Yes, it was also a disappointment personally after the heightened expectations of the race, but I have done this long enough now to quickly put it behind me and to look forward. Funny how the flight home seemed to take longer than flight home after the Moonee Valley double a fortnight earlier. Must have been a head-wind!

The main goal for the owners of Woorim is a chance at a run their horse in the Cox Plate … and why not? Whilst this may seem fanciful to some, we are willing to keep the dream alive!

He has been given the massive impost of 61.5 kilos for the mile race at Moonee Valley on Friday night. It's a handicap and I do think the handicapper has been very severe on Woorim, but I have learned long ago not to bother complaining about allocated weights as there is no point, but my mind boggles with the weights they have given him to date!

We will run him in the hope that his ability to handle the Valley on top of his first-up soft win with 60.5 on his back can help his case to gain a start on the blue riband event on the 22nd of next month!

It's a big task for him, stepping up to the mile, third-up, and on a shortened backup … and coming off a 'shocker' … so we will need to see him back to his best to be winning this race.

Talk about a big task ahead, try the race that our little bulldog sees himself in on Friday night.

Buffering will line up under the stars and against the stars in the form of More Joyous and Sepoy in the time-honoured Manikato stakes, the feature Group 1 event of the night, so it's sure to be some amazing racing theatre on the night.

Little Buff showed with his last start win in the McEwan that he's a real fighter. He will need to be at his very best as Sepoy could be a superstar while Gai cannot see her mare being beaten!

Our fella will hopefully give them something to chase and he won't lie down easily. I have taken the blinkers off him for this run as I believe it will open his field of vision and maybe allow him to see them coming at him as he then digs deeper into his reserves of energy!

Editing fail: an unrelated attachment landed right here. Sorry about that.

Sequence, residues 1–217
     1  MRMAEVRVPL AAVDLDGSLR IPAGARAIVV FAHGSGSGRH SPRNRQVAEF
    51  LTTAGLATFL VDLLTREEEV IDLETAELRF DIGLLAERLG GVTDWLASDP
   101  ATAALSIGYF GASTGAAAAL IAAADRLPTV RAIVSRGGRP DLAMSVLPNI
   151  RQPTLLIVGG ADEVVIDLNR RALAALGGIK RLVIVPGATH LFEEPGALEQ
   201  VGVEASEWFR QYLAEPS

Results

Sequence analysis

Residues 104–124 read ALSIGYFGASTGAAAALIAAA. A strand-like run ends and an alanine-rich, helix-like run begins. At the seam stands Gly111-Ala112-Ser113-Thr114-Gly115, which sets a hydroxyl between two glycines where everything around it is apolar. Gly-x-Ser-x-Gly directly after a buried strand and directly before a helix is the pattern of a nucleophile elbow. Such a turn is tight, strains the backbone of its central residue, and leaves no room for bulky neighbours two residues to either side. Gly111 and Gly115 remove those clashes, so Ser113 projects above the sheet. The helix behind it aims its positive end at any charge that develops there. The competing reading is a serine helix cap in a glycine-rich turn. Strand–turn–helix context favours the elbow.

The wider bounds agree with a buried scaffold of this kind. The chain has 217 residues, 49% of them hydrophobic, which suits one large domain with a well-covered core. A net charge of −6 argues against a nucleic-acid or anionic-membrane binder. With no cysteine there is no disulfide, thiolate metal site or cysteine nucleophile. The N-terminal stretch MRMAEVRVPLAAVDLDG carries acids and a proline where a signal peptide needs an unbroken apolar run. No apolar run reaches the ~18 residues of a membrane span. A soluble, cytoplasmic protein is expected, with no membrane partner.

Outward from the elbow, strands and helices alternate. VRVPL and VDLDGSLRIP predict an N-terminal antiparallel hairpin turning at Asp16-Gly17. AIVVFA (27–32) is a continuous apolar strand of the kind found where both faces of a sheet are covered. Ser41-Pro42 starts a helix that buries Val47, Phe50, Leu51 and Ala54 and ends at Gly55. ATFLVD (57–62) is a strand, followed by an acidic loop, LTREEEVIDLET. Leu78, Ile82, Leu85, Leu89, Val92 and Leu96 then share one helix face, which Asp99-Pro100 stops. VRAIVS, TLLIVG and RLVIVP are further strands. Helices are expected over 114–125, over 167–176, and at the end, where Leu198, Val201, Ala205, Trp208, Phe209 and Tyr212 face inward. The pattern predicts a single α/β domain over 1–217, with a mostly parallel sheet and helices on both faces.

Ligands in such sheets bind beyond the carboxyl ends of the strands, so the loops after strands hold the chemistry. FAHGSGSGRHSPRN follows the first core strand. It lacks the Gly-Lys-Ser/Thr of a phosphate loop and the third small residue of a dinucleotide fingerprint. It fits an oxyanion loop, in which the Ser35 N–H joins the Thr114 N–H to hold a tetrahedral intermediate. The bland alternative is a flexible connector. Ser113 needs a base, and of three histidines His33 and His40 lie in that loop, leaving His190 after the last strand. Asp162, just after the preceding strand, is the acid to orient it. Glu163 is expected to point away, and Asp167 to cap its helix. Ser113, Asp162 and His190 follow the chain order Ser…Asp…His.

I have said it before, winning a Group 1 would be great and if it happens, super … but we will just continue on doing our best with them and when the cards fall into place, it may well happen. I am looking forward to the experience of the night though!

Back home last Saturday, things didn't really work out as planned, but racing is often like that. Racing Heart ran his last 600 in 34 and ran fourth. That's as fast as he can go, so I was happy with his run. It was a farcical tempo up front.

Sam's Town got out-toughed on the line by Eastline for a good second place after three weeks between runs. Some say Jimmy should have protested (the winning jockey was one of those who thought a protest was imminent) but he didn't, so we move on!

Funtantes unfortunately broke down under the huge weight on the firm surface so she will now have a lengthy convalesce and hopefully she can come back for next year's winter carnival.

Redessi hated the firm surface and he wouldn't stretch out and Sway to Go's run was huge after the apprentice's chopped each other up in the last. It really shows what a fine line the difference between success and failure is in this racing game!

The constant is that one big week runs into another at this time of year. It's just the results that vary.

It's another busy weekend for the stable with flights to Melbourne on Friday morning, racing at night at the Valley, a flight back home on Saturday morning for a busy day’s racing at Eagle Farm then racing again on Sunday at Caloundra and Trump lining up at Flemington.

Trump has been in the news of late with his last start rider copping 'the big stick' from the racing judiciary with a three month suspension for his ride.

I am eagerly awaiting Trumps next run at Flemington. His breeding suggests that he may struggle at the 1800m on the big track, but he has travelled down to Melbourne well, he's settled in brilliantly and his work has been first class. It will be interesting to see how our three-year-old form matches up with theirs! I think he can race well.

Anyway, commiserations to all those who done their dough on Woorim. Do not give up on him just yet, he might be a bit of a thinker and even a bit of a 'sook', but there is a big win in this horse!


More articles

Robert Heathcote.
Robert Heathcote.
Woorim - do not give up on him just yet!
Woorim - do not give up on him just yet!
Damian Brown said that as soon as Woorim got into stride he felt the hard ground and was reluctant to stretch out.
Damian Brown said that as soon as Woorim got into stride he felt the hard ground and was reluctant to stretch out.
Buffering will line up under the stars against the stars at Moonee Valley on Friday night.

It's sure to be some amazing racing theatre on the night.
Buffering will line up under the stars against the stars at Moonee Valley on Friday night.

It's sure to be some amazing racing theatre on the night.
Queensland's Own www.horseracingonly.com.au Queensland's Best